The work on this page represents the first stage of the two year Island Territories thesis course, centred on the divided city of Nicosia, Cyprus. The project began with an investigation into the unique history of Cyprus, with particular focus on its shifting administrations and history of occupations. This led to an interest in exploring the evolution of cartography on the island, a subject which is intertwined with the ever changing priorities of each subsequent ruler.
It was not until the arrival of the British in 1878 that the first accurate, properly measured survey of Cyprus was undertaken. This effort, led by a young lieutenant named Kitchener (later the famous Lord), was a means of the colonial power exerting its control and influence across the land, in a very tangible way claiming the territory that it now controlled. Land that was accurately measured could be more efficiently – and lucratively – taxed.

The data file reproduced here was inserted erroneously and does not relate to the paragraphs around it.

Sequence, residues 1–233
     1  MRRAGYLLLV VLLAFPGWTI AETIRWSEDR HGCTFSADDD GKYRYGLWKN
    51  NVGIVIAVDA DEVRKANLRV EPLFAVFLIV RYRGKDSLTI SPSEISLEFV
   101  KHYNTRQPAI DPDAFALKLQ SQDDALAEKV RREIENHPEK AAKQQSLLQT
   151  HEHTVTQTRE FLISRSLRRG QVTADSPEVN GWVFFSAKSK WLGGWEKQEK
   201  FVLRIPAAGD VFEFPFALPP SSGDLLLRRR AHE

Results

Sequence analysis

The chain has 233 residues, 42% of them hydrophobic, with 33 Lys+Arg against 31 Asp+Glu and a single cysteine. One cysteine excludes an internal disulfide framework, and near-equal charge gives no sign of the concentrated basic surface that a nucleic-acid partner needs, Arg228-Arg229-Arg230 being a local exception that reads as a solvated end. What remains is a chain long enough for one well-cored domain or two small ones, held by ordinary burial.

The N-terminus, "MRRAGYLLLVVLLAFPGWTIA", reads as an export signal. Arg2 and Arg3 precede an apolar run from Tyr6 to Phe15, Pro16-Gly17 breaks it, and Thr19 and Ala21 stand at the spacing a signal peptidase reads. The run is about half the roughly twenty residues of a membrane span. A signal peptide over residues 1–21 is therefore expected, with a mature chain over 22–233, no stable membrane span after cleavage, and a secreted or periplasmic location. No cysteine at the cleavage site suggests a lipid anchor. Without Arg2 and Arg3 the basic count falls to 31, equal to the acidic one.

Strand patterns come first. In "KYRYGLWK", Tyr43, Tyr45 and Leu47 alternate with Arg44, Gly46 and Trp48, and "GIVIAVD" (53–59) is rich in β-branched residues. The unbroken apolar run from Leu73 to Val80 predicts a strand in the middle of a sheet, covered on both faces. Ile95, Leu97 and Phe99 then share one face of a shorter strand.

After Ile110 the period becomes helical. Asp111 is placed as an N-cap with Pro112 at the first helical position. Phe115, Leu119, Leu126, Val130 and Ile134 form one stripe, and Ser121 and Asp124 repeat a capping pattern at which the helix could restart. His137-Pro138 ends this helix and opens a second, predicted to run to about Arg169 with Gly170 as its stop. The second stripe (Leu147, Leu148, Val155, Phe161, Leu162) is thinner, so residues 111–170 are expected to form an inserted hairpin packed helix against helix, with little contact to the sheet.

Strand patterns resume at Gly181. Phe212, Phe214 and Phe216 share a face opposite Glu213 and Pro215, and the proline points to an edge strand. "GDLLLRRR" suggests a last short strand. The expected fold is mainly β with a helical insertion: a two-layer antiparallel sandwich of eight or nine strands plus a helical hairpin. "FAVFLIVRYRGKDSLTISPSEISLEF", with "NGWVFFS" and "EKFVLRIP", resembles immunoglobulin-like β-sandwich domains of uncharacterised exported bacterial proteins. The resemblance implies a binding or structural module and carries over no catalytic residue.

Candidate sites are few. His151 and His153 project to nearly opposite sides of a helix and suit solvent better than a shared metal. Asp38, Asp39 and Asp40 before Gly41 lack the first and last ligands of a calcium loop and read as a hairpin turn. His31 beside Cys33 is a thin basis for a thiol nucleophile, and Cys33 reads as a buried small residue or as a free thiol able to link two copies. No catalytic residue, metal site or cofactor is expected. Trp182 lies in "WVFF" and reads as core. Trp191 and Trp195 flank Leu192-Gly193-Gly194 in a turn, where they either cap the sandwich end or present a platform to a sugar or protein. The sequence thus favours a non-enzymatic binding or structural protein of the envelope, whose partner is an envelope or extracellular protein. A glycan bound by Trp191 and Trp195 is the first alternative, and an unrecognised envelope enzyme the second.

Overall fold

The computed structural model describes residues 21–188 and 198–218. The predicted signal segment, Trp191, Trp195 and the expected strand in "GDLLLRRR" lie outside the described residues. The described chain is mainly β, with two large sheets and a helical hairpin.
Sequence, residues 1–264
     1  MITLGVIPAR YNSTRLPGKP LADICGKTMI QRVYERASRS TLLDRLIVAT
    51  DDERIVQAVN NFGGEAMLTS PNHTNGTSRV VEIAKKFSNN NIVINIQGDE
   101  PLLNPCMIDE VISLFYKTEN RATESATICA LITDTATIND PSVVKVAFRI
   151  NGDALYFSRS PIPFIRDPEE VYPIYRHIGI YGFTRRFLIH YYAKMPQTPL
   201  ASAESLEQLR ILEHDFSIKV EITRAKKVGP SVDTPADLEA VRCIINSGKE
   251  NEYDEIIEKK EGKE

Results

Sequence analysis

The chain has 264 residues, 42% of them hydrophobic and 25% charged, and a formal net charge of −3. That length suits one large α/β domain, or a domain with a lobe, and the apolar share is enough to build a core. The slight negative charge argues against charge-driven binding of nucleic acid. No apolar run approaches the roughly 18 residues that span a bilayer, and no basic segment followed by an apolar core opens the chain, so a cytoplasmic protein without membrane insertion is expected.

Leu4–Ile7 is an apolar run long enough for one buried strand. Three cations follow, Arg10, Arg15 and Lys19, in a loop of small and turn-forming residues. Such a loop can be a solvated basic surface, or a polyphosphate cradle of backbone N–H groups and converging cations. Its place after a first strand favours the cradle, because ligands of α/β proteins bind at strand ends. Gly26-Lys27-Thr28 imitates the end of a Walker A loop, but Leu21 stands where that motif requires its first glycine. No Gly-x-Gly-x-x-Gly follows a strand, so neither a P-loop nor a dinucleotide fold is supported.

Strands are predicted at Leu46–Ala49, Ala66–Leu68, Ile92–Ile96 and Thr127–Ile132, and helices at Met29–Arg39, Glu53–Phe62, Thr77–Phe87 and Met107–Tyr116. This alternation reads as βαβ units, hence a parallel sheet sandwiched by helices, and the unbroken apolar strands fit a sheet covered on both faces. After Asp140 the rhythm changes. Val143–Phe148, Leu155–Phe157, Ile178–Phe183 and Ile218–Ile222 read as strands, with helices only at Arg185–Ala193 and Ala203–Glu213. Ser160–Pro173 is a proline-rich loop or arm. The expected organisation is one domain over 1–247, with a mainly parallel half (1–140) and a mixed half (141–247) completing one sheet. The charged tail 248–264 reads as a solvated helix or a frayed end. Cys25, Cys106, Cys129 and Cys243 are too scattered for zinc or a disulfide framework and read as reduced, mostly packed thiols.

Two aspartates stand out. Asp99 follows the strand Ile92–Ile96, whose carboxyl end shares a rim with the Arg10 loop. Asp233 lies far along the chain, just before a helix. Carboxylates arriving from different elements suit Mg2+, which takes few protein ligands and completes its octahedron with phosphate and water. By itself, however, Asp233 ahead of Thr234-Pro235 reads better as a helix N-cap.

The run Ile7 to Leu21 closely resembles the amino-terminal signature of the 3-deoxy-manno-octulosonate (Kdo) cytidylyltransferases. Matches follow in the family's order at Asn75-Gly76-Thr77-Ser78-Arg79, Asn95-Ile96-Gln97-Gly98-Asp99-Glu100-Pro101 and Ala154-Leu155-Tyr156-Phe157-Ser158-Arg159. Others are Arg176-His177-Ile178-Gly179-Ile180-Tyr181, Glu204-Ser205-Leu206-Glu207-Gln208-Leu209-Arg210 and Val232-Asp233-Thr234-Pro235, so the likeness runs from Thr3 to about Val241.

The focus of the British administration’s presence within the walls of Nicosia is identified as the Law Courts and Land Registry, in the northern sector of the City. A surrounding field is registered, and a map is created, triangulating and unfolding the buildings. Once drawn, the field undergoes a further transfiguring through the process of modelling, the lines are delaminated and elements are physically cast out and displaced.
Studio: Island Territories IV
Tutors: Adrian Hawker & Victoria Clare Bernie